In a gap in the flying display, the opportunity was taken to wander the static aircraft, this is where normally you’d be reaching for the ultra-wide angles to get the whole aircraft in shot. Walking around with the 100-300mm did feel a bit out of place in this environment, but it also presented a great challenge in how to approach static aircraft in shots in a different way.

Being limited to the longer focal lengths forces you to look for differing angles and seek out the more abstract side of aviation photography, where you discover that what to some can seem a lack-lustre subject matter, can actually produce some lovely sweeping lines and compositions in an image, whether this be the lines of the fuselage or wings, or picking out specific details of an aircraft’s paint scheme that may go unnoticed. This is proven below by this shot of a Dakota, converted to black and white, the detail on tap is sublime, and became my favourite image from the day. 

Click on any of the images in this blog to view them in full resolution.

Dakota 1:1000 f4 ISO100

Dakota 1:1000 f4 ISO100

Can this lens do it all?

In short, yes.

In detail, there were only a brief couple of moments where a slightly longer lens would have been handy, mainly in the solo aircraft. This would have easily been covered by an Extender, which you would know exactly when to put on and take off for each differing display item. 

For the smaller aerodrome that Cosford is, it was almost the perfect lens, and the only lens that was really needed to have a great day of photography – Coupled with the R6 Mark II which is my personal favourite body in Canons mirrorless line at present.

Not just for aviation photographers, this lens would equally, and more often, be at home at a myriad of sporting events, be it Tennis, Cycling, Football or Rugby. It won’t be long until you’re seeing this lens covering all the main sporting occasions. Canon has hit the nail on the head with the tagline of ‘all the benefits of a zoom, all the quality of a prime’.

Where it will really shine is motorsport photography, countless times spotted at the side of a racetrack is a two-camera setup, one with a 70-200mm lens on a harness, and one with a 400mm f2.8 on a monopod. This offers 95% of both in a single lens.

RAF Chinook 1:500 f2.8 ISO100

RAF Chinook 1:500 f2.8 ISO100

Overall Thoughts 

Having spent the day with this lens between flying displays and static park, it simply didn’t miss a beat the entire time. Faultless performance as you would expect from a lens of this calibre. The main misconception going into using this lens was that it was simply a glorified 300mm f2.8 prime. But how wrong that proved to be. 

The ability to have the quality of the 300mm primes of old, but where the subject would just come too close, and go beyond the frame, is solved with a short pinch out of the zoom, allowing for more photos to be taken in each burst.

The second misconception was that for air displays specifically, it would be too short, and leave the subject too small in the frame. Again, incorrect, although solo aircraft did require a crop, for display teams and airframes that were allowed to display closer to the crowd, it was exactly what you would want in terms of focal length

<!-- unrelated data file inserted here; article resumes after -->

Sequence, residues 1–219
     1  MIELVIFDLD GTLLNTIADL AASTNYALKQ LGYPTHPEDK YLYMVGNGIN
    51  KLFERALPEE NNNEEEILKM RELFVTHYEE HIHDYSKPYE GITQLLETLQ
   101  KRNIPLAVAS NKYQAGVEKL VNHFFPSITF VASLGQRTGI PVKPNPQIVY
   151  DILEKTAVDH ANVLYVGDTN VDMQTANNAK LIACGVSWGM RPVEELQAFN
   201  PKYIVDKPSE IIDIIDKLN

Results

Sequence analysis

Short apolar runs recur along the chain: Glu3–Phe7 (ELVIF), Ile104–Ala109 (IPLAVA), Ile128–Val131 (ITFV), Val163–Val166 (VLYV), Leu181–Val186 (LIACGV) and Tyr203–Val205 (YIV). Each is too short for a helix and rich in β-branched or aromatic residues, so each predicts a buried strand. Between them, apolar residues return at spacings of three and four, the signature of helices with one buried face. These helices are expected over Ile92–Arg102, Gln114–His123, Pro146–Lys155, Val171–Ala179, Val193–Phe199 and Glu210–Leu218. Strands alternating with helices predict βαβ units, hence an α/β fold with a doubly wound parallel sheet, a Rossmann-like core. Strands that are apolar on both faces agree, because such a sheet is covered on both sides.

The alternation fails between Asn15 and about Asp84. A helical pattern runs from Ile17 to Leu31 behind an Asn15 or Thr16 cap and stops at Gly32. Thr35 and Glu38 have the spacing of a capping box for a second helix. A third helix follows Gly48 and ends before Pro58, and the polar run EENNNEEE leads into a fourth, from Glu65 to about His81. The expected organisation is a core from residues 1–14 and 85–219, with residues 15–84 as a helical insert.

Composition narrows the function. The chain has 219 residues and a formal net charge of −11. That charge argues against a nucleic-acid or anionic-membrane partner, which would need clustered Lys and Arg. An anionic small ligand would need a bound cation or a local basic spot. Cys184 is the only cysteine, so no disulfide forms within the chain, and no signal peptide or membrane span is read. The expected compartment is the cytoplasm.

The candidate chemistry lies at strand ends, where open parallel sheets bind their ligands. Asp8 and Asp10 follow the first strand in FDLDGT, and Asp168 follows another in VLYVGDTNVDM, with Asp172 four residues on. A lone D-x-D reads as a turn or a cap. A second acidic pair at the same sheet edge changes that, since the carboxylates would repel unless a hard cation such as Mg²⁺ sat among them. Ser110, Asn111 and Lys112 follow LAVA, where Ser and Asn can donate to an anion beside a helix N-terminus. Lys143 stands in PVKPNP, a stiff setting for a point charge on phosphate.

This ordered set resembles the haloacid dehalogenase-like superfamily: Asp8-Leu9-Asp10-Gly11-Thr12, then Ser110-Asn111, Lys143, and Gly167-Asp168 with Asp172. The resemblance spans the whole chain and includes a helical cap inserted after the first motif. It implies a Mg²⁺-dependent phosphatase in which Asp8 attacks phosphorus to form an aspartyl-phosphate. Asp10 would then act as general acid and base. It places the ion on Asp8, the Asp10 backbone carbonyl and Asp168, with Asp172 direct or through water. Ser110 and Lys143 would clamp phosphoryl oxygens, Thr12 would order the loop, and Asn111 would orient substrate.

Helped by Cosford being a small aerodrome and forcing the display hardware to keep to a tighter boundary, there was no lusting after a much longer lens. For those still keen, using a 1.4x Extender would have been more than enough to cover all basis.

The sharpness of the lens, coupled with the autofocus capability, and the R6 Mark II’s AF tracking, made it a pleasure to use, with more keepers than ever returning from an air day.

Should you buy this lens?

There’s no shying away from the cost of this lens, as is the case with all the big professional telephoto lenses. However, they are designed to do specific jobs and do them to the best possible standard, and for those that require this level of equipment, the cost isn’t the main factor. 

If you’re looking for sheer quality as a professional sports and events photographer, there isn’t much else that competes with this lens at present. Sony has a development announcement for a 300mm f2.8 Prime, however, this ignores the wider end of the focal length. Nikon, who have a vast array of options for longer glass, are yet to release something within this focal range for Z mount. Only time will tell if others decide to follow Canon’s lead here.

RAF Typhoon 1:1250 f4 ISO100

RAF Typhoon 1:1250 f4 ISO100

Thoughts on the future

It will be interesting to see how Canon and others decide to progress from here, the telephoto end of the market is usually pretty standard, with the 2 main lenses being the 600mm f4 and the 400mm f2.8.

Nikon at present is the only company trying something different with the inclusion of the Teleconverter built into the lenses themselves, Sony’s designs are stapled classics and simple, built with their now renowned G Master quality.

Canon, who have potentially been playing it safe with their recreations of EF glass with an RF mount, have made me sit up with this release, and wonder what exciting paths they might be heading down in the future. Because if they follow the lines of the RF 100-300 f2.8, then they will surely be on to a winner. 

Convinced yet?

Check out the lens here: Canon RF 100-300mm f2.8L IS USM Lens

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  • By Aled Phillips
  • 7 Jul 2023